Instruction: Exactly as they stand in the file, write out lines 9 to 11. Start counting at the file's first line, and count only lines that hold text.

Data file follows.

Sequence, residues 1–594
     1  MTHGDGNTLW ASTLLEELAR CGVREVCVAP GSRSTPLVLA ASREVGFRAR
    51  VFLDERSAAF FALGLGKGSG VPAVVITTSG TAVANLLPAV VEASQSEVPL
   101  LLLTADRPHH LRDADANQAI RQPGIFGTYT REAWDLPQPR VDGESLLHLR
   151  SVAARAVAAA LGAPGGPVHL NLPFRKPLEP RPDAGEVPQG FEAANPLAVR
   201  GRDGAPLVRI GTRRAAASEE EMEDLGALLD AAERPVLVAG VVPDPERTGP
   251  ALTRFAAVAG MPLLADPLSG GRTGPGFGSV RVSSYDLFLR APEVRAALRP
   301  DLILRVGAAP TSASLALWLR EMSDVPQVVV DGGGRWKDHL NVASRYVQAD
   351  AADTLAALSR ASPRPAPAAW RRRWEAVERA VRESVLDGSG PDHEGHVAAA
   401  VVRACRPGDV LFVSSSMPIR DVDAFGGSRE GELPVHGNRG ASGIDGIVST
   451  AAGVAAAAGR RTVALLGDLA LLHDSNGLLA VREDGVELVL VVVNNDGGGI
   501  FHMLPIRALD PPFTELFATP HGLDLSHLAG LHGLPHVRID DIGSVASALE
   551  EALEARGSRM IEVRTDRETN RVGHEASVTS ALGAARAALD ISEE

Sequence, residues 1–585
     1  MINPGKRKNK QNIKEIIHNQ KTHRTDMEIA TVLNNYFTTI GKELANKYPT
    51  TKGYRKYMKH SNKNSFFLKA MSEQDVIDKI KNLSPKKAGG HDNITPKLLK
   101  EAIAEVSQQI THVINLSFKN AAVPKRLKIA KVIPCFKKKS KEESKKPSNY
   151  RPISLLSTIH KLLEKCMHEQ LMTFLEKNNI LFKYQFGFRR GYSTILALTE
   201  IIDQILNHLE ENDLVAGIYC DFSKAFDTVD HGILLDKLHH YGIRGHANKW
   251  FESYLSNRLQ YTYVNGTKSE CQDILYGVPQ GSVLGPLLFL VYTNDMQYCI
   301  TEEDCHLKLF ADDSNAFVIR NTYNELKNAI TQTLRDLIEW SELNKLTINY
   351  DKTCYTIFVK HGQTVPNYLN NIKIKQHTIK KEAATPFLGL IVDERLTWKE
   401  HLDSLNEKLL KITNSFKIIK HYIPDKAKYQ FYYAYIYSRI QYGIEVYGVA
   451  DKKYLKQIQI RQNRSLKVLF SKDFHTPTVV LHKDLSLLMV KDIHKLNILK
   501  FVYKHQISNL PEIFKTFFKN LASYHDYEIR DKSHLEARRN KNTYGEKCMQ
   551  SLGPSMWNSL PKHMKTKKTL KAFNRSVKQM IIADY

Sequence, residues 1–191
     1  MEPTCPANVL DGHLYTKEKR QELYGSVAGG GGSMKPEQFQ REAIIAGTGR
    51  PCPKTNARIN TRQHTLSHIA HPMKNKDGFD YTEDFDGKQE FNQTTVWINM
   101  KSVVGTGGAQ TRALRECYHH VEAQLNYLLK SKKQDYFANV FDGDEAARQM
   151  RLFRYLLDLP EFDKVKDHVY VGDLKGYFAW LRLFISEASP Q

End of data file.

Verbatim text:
   351  AADTLAALSR ASPRPAPAAW RRRWEAVERA VRESVLDGSG PDHEGHVAAA
   401  VVRACRPGDV LFVSSSMPIR DVDAFGGSRE GELPVHGNRG ASGIDGIVST
   451  AAGVAAAAGR RTVALLGDLA LLHDSNGLLA VREDGVELVL VVVNNDGGGI